The Stellenbosch wine-producing community has, quite rightly, taken the Cabernet Sauvignon variety under its wing. Stellenbosch Cabernet Collective is not only the newest grouping of like-minded winemakers, but also sees arguably the strongest team of South African red wine names in one pocket of co-operation. Kanonkop, Rustenberg, Spier, Alto, Rust en Vrede, Kleine Zalze, Le Riche Wines, Simonsig…..these give one an idea of the pedigree of blue-blood wineries aiming to create a greater awareness of the provenance, stature and quality of Cabernet Sauvignon grown and made in Stellenbosch. EMILE JOUBERT attended the Stellenbosch Cabernet Sauvignon: 2017 Vintage Preview.
Week-end past saw the Cabernet Collective holding its first public outing at Lanzerac in the form of a few Masterclasses as well as an en primeur tasting. The former brought Stellenbosch wines together with Bordeaux and Napa, while the en primeur gave one the opportunity to sample 27 Cabernet Sauvignons from the 2017 vintage. The idea being, as has been followed in Bordeaux for two centuries, to assess these un-released samples after which which it is possible to buy the wine ahead of its release date.
Whether this is going to gain traction as a commercial proposition is debatable. South Africans are known as having a need for instant gratification when it comes to purchasing, plus the en primeur system has never really taken-off anywhere outside France.
However, with the recent feverish scramble for Kanonkop’s 100pt scoring Paul Sauer 2015, some wine-lovers are realising that the opportunity of getting anything you want, when you want might not be all that possible in the future. And buying en primeur guarantees you the wine.
As an imaginative and interesting exercise, the concept of arranging a tasting of the 2017 wines from barrel was riveting. It was informative and enlightening in various ways, and I sure hope this becomes an annual event.
Vintage 2017 will be remembered as the one during which the Cape was in the midst of a water shortage, with the effect on the growing season leading to lighter grape bunches. The harvest was shorter than average and was characterised by temperate conditions lacking in those fierce February heat-waves, but with the added benefit of cool nights.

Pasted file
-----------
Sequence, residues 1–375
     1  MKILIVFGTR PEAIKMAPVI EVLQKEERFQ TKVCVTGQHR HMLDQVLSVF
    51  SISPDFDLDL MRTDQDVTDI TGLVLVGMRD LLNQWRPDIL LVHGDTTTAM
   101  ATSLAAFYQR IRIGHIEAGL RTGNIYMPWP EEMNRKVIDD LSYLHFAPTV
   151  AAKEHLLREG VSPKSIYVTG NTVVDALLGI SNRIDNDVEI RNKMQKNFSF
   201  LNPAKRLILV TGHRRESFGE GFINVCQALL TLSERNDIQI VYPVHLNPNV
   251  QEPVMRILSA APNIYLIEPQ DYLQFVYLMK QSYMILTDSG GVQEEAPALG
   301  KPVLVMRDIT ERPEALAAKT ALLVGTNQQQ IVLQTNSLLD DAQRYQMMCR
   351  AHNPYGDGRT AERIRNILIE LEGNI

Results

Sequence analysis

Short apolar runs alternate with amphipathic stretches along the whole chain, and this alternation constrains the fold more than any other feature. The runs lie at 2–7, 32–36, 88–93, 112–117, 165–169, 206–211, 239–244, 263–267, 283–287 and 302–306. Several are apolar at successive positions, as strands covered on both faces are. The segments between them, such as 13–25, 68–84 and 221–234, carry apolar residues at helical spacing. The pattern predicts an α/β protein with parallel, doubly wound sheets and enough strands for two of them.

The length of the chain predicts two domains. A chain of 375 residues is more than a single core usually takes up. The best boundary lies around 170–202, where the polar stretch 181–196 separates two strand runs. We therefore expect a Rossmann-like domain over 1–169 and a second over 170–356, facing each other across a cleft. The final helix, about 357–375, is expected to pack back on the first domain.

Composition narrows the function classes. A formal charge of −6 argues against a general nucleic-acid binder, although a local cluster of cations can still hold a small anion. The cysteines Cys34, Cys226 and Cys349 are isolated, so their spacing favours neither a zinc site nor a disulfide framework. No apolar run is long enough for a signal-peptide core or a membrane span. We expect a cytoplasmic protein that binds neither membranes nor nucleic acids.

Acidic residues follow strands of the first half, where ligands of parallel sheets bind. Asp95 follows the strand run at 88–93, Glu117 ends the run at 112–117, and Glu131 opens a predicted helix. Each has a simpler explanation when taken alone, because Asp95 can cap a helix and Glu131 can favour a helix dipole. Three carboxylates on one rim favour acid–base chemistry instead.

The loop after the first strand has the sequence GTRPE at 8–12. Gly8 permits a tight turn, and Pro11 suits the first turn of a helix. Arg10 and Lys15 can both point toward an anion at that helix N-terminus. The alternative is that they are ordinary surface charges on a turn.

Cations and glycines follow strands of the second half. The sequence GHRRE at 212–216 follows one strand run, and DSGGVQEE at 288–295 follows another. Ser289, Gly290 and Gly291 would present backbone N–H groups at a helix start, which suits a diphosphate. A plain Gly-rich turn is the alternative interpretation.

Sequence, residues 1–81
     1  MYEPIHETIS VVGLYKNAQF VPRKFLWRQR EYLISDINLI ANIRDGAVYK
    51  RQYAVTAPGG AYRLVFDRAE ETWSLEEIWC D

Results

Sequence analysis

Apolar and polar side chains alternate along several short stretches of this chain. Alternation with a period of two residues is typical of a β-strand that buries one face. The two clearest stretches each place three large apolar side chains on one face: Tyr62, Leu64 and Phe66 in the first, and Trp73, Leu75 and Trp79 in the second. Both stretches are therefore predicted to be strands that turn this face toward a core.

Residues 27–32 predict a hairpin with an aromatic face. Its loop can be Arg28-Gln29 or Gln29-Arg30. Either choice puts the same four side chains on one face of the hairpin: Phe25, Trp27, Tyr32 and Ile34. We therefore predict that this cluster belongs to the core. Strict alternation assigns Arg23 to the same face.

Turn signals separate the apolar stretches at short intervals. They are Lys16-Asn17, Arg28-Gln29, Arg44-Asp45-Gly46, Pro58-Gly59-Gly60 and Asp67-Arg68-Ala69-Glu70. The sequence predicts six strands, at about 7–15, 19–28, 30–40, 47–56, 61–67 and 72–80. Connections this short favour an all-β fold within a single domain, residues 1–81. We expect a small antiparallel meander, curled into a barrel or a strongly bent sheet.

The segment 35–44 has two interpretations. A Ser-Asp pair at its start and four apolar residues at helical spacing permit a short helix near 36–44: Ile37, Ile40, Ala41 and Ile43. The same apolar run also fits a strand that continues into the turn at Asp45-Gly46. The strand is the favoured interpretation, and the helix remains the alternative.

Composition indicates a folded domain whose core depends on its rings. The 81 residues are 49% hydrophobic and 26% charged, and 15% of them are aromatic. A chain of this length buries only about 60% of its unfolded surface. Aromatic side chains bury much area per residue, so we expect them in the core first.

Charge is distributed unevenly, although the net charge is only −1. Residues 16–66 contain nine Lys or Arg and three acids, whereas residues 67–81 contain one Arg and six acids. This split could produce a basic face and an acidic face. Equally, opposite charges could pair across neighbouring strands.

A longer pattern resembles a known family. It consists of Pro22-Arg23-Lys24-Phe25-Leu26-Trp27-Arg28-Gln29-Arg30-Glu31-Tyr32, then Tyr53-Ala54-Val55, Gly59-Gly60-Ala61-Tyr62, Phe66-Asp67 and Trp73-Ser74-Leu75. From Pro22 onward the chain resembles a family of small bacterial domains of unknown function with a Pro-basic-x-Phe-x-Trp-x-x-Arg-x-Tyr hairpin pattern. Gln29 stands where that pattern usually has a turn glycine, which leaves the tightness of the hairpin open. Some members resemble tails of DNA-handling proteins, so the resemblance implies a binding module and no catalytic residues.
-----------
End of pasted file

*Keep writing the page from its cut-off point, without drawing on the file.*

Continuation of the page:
Tasting through the 2017 wines drawn from barrel for the Cape Collective event, it was evident that the vintage is leading to wines of forward fruit-concentration. And when you have bright berry-fruit combining with the very pronounced tannins of a wine still in oak barrique, it makes for an exciting experience – even if the firm woody notes take getting used to.
The wine that stood out for me was Simonsig’s The Garland, a single-vineyard Cabernet which is already showing extreme elegance in its primary cloak of blackcurrant and Ribena with a brisk freshness and supple tannins.
Upfront fruit and lively flavours appear to outshine the power quotient of this vintage. Rust en Vrede’s Single Vineyard Cabernet, the Kanonkop, Alto and Rustenberg were surprisingly agreeable in their sternly wooded form, none of those astringent back-palate tugs one usually find in wines half-way through their barrel-aging. Judging by these, it is truly going to be an elegant and refined vintage for Cabernet Sauvignon, but short on grip and boldness. The one power-house, for me, was the Spier 21 Gables – a monster bursting with violets, cherry, blackcurrant and restless, angry tannins.
Kleine Zalze’s sample of Family Reserve was possibly the stand-out wine. Plush and broad, the brooding fruit-spectrum combines wonderfully with the spice from the French oak while at the same time showing a set of long, muscular legs ready to leap forward and take-off when the wine is released late in 2020.
For these kind of en primeur tastings, impatience is best left outside as most of the wines are only going to be available from April 2019 to July 2022. But for those who have it, and did buy now, it is not going to be a case of waiting in vain.